A simple email can do the trick, much like this one from Google Workspace that clearly outlines key points of information, like “What do I need to know?” and “What do I need to do?”:

Google Workspace update emails

Furthermore, reiterate the importance of compliance, meeting guidelines, when they need to use it, and the consequences of not abiding by the policy.

Monitor Legal Updates and Incorporate Changes

Make sure that you test your policy regularly. Policy audits are imperative to save your company from the problems that come with external evaluation. Remember: a little inconvenience and extra work now is much better than an expensive and lengthy lawsuit down the line.

You should incorporate changes in the policy and communicate the same to your marketing team. Considering that 54% of employees have left a meeting without knowing the meeting’s purpose, I suggest using these tips on enhancing communication.

Audits happen, but your marketing department will not be under the scanner if your compliant process is transparent and your team abides by it. Also, cross-check that all your content is compliant and acceptable. Additionally, you need to make sure that any third-party vendors or partners comply with your marketing rules, too.

The Search Monitor is a tool that helps you track and update your marketing compliance regulations:

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Review and Approve Your Content Before Publishing

Marketers need to strike a balance between quality content and compliance with the policies.

A feature-rich platform like Filestage can help marketers produce consistent and high-quality content for their audience while maintaining compliance standards. It is a flexible, intuitive and agile platform that complements your processes and helps internal and external users alike.

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Filestage lets users share their work progress, gain valuable feedback, and streamline auditors' content reviews and approval processes. The documents are easily accessible and allow users to make necessary changes.

Such platforms make it easier for the company to keep up with the compliance requirements and ensure that the entire team implements these practices.

Dive Deeper: 4 Ways to Signal to Google that You’re an Expert Content Creator

Boost the Visibility of Your Guidelines

All your efforts are inadequate if your marketers don't incorporate the policies into their work practices. Therefore, it is crucial to increase the visibility of your guidelines and monitor the operations to ensure a compliant-enforced workflow within your company.

For instance, user-generated content (UGC) has, well, influenced influencer marketing and provided the influencers with an instrumental role in marketing. And it demands greater transparency and visibility, so if an influencer isn't open about their collaboration with a company, it can make consumers suspicious and lose trust in a particular brand.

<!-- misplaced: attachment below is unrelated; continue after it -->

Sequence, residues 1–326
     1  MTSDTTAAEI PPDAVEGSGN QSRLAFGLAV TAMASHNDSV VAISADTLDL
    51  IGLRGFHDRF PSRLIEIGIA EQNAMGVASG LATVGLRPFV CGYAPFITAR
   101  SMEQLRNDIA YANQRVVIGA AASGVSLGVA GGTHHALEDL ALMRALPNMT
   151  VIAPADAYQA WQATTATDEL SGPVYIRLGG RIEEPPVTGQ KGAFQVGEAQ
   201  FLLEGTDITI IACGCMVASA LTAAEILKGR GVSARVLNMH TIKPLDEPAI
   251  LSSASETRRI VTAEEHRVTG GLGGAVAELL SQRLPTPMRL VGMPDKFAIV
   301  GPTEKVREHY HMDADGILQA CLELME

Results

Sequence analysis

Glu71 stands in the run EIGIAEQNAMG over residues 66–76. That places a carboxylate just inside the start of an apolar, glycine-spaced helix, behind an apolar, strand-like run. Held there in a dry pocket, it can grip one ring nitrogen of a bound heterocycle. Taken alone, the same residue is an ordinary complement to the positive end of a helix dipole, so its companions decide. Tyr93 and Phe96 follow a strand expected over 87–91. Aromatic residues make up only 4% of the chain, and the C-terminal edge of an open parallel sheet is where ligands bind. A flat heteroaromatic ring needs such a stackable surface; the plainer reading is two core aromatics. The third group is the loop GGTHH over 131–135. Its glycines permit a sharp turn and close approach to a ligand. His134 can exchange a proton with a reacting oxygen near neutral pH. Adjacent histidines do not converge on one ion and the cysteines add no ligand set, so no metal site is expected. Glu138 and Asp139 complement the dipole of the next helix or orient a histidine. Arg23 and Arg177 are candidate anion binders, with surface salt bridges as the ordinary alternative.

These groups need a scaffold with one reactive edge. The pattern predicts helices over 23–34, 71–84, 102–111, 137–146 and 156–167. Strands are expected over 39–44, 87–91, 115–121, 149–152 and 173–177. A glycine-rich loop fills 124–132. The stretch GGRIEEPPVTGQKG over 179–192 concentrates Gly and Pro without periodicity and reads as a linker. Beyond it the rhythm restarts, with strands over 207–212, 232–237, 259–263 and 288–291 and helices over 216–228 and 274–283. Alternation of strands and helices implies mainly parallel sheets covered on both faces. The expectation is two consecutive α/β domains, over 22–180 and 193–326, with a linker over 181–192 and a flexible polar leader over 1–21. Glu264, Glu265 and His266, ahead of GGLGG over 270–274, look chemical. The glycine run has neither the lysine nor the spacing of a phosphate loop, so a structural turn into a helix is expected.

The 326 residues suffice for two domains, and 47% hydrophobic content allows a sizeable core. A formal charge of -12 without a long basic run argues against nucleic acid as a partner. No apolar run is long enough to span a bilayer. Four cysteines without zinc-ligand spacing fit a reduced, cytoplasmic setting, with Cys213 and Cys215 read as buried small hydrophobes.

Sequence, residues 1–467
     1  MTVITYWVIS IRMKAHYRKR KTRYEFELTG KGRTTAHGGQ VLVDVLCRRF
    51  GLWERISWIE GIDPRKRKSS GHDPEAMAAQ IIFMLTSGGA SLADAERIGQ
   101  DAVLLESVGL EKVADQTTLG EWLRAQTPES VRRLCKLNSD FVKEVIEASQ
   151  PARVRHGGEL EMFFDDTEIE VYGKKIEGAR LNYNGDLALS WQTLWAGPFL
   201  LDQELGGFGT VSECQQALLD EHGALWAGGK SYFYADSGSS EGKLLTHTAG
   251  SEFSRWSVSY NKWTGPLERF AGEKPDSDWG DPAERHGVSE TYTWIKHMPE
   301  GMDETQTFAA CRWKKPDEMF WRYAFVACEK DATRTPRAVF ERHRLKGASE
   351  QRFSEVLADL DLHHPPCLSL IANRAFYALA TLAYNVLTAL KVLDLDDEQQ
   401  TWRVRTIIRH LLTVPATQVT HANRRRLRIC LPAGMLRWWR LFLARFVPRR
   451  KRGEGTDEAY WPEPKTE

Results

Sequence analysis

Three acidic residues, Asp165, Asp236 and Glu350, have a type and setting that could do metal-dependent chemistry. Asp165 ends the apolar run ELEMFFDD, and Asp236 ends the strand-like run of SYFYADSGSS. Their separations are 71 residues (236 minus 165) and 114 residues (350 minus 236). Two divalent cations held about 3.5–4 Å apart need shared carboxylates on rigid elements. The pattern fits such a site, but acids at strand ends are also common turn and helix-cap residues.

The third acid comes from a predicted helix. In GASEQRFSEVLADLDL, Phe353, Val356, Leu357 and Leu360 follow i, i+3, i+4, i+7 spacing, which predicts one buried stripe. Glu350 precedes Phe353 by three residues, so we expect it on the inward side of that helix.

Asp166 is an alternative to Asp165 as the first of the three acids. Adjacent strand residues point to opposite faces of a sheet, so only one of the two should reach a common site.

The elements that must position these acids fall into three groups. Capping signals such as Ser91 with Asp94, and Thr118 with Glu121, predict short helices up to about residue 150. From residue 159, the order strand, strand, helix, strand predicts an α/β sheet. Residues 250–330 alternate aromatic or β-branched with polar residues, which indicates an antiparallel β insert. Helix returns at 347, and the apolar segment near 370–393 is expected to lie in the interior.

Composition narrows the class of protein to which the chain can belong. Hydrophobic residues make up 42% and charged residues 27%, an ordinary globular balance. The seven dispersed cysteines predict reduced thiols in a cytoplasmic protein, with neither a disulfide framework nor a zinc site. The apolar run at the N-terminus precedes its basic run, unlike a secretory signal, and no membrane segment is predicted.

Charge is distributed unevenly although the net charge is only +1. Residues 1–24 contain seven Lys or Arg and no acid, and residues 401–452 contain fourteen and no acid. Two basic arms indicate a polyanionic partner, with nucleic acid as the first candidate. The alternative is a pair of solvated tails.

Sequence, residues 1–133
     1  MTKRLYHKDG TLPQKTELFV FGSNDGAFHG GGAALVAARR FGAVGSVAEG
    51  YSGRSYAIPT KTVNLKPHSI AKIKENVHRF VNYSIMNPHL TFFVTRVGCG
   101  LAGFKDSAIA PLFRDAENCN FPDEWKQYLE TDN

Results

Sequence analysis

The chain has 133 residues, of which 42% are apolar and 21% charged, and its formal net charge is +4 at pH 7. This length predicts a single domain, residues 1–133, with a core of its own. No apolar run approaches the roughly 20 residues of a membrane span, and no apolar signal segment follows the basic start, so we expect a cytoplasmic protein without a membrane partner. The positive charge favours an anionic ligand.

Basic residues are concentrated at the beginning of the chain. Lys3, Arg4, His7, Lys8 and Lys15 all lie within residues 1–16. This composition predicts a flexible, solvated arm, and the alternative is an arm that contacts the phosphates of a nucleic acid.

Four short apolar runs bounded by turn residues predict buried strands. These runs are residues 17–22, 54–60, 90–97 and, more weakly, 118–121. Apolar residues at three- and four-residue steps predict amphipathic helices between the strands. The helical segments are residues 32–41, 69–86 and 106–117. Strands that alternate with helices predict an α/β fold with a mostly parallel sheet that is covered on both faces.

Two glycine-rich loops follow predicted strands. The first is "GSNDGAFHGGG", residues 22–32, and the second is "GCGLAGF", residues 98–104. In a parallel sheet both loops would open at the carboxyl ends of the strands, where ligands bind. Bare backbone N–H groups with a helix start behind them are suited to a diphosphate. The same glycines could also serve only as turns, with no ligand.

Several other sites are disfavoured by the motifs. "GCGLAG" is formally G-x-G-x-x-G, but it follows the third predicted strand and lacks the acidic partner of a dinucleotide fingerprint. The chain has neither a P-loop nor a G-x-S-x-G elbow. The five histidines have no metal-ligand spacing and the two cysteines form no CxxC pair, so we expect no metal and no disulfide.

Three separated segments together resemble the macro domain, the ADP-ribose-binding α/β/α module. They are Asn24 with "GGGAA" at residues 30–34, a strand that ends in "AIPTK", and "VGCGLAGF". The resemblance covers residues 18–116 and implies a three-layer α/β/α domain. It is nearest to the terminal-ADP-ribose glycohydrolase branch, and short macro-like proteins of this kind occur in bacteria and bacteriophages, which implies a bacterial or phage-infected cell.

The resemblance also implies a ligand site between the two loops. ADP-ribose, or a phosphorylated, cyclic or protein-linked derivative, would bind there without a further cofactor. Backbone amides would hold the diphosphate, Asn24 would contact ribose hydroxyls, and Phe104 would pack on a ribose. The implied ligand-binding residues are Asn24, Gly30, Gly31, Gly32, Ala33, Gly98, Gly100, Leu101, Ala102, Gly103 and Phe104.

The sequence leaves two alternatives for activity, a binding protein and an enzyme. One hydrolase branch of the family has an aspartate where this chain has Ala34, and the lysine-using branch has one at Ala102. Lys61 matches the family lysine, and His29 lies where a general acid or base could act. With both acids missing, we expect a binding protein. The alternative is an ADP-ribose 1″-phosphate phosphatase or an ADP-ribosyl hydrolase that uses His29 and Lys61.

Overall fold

For this reason, you need to rigorously assess your content and be sure to disclose any such details to stay out of trouble. Don't think it's that important? The Federal Trade Commission (FTC) monitors all such content and influencer relationships. In 2019, a lawsuit was filed against 20 social media influencers for violating the federal endorsement guidelines “by posting deceptive ads on their Instagram accounts despite previous warnings from the agency.”

You need to set clear guidelines for your partners and associates involved in the process so that nobody misses the compliance requirements. It is crucial to document your policies and mention them in the contract to avoid any future confusion.

Use a Digital Asset Management Platform

With about 90% of brands facing roadblocks when it comes to managing their digital content, it is important to have a seamless marketing compliance process in place. Content production is increasingly growing, which brings up a few concerns such as duplication of content, delivering quality content, etc.

A digital asset management (DAM) system is a business process tool that allows you to store, organize and share digital content in one, secure location.

A reliable DAM can save your company time and money, as well as make it much easier to keep an eye on any potential security breaches. Such a system offers mobility, accessibility, convenience and control, and lets you deliver the right content to the right audience in real-time across all devices. Moreover, it allows you to measure and track the digital content's engagement.

Bynder DAM system

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Best- and Worst-Case Examples of Marketing Compliance

Regulatory breaches are no joke. If your content comes under the FTC's state regulators' scrutiny due to law violation, they can file a lawsuit and impose hefty fines on your company.

Be mindful that not all penalties are monetary. Your brand reputation and integrity is also at stake associated with legalities; hence it is essential to take care of by abiding by all the rules and regulations.